If you’d like to donate to our efforts, you can do that at Habitat’s secure donation site: http://share.habitat.org/u8v9njrp. A new house costs $3000. (Because these houses are for children, it’s different from most Habitat programs in that they don’t have a mortgage. The program offers fully subsidized homes.) The houses also come with a latrine and mosquito nets. (You can see the latrine in the background behind Kristin.)

Dedication Ceremony

Every dedication ceremony is special and bittersweet. It’s wonderful to see the families in their new houses, but it also means our time with them (and each other) is drawing to a close.  Once again, I promised to return (more details on that later). The dedications in Xai-Xai are lovely as everyone who helped build the house and people from the town surround the house and with their hands on the house, impart their prayers and wishes for the house and the occupants.

Dedication Ceremony

Dedication Ceremony

I know that my teammates and I all hope that the house provides a safe and happy home for our families.

New and Old

Sometimes it’s difficult to convey the difference in the housing. Here’s the old house that Felixmina and Alvaro use to have with their new house in the background. The logs on the roof of the old house were placed to try and stop the rain from coming in. In the new house, Felixmina and Alvaro will be safe and dry.

Old and new

Old and new

Almost a House

When we start, it’s always difficult to believe that 5 days later there will be a house. Here our Felixmina and Alvaro are celebrating the roof about to go on and that they will soon have a new house.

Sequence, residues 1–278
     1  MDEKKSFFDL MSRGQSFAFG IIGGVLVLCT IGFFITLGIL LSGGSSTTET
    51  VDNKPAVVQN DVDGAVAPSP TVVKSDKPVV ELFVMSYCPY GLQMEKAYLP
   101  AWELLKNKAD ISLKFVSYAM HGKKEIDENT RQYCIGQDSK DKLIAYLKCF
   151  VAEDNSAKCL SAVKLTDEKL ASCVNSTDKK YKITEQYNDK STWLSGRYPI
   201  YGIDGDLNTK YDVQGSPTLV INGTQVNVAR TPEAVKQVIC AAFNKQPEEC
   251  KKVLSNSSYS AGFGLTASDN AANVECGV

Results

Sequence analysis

Felixmina and Alvaro celebrating their almost complete house

Felixmina and Alvaro

Suddenly, a Team

Our Team

Our Team

Suddenly, 14 people who just arrived and met 2 families and the local Habitat team and the professional builders are all a team. It’s my favorite part of these trips. (You can tell it’s early because everyone is so clean.)

45 Days and Counting!

The funds are raised (Thank you so much to all my donors. Every dollar means so much to the families we are building with.) The ticket is purchased. The travel doctor has been visited (happily only for anti-malarials and no shots this year). Visa application is at the embassy.

It’s all down to waiting and the details now.

I am so excited to be taking 14 wonderful people to Mozambique, including 2 former Randstad talent, 3 former teammates from my India build, a couple of Habitat veterans and some new folks on their first Global Village trip. I can’t wait to meet everyone in Maputo.